If the joist is located behind those two holes then you know it runs right to left and you can safely screw in to the joist without hitting the cables. If the joist is not in that position then you simply poke new holes in the surrounding area. Using a thin blade will ensure minimum filling in after you locate your desired position.
     
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  9. blup

    blup

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    A neodymium magnet will identify the location of the screws in the plasterboard - if that's what you have - and help identify not just the location but also the width, of the joist.

    Blup
     
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  11. AndyPRK

    AndyPRK

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    I tap the ceiling and listen to note changes.
    When you get a lower tone there is a beam.

    if you do this across a large area and identify 2 beams, you can measure the distance between the beams. This can help give you an idea of beam spacing if you aren’t sure there is a beam by the light

    You can also drill a tiny test hole, and then poke a bare earth wire thru. And if its just fresh air above, you missed the beam
     
    Last edited: 20 Jun 2021
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  12. Jupiter01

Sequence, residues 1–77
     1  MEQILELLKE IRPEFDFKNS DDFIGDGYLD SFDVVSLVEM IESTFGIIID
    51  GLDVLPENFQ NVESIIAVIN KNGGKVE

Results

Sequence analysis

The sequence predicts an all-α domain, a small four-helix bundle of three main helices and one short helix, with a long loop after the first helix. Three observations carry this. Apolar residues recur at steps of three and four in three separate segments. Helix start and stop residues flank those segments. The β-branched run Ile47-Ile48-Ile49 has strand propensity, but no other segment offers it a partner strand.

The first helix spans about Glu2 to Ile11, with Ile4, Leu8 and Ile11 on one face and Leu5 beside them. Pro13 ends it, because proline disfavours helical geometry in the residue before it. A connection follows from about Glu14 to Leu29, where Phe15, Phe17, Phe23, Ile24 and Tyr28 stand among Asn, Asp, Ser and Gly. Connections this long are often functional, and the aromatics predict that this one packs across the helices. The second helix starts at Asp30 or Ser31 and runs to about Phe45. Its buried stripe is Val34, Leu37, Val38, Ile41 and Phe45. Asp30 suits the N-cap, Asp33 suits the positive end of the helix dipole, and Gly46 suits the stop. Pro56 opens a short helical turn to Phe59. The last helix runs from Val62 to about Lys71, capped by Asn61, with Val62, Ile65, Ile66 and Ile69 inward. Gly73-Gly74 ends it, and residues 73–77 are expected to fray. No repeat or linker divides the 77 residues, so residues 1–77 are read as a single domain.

Jupiter01

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    With this approach, if the fitting isn’t heavy, can’t I just use my regular 6mm drill bit and drill carefully I.e stop as soon as I poke through the plasterboard? At this stage I can either plug if it’s hollow or screw into the timber if I’ve hit a joist? I wanted to understand the approach when the light fitting isn’t heavy and hence, doesn’t necessarily require a joist for fixing.
     
  13. Harry Bloomfield

    Harry Bloomfield

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    Almost certainly the cables will be alongside a joist, so you can fix the rose/fitting, so poking a screwdriver up the hole the cables appear through, should mean you can feel the joist with the driver. Knowing where the joist is, you can fix to it - just poke a thin screwdriver through the plaster, to ensure you hit the joist, for you first fixing - keeping in mind your rose/fitting needs to cover the cable hole and get a second fixing into the joist.
     
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  14. AndyPRK

    AndyPRK

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    Yes.

    As said, it’s always nice to get one screw in wood
     
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  15. Risteard

    Risteard

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    Scrulox are better.
     
  16. conny

    conny

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    Can't believe this has had 12 replies and we still don't know if the light has been fitted! :rolleyes:
     
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  17. Munroist

    Munroist

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    indeedy, the magnets out of old hard drives are just amazing and a wonderful way of finding screw heads hidden under plaster, (use a little clean tissue between to stop the dirty marks them leave) Once you have found the screwheads you can work out where the joists are - not sure how this tells you the width of the wooden joist, you just have to assume the person putting them up got the screws in the centre. So much better than any electronic joist finder I have used.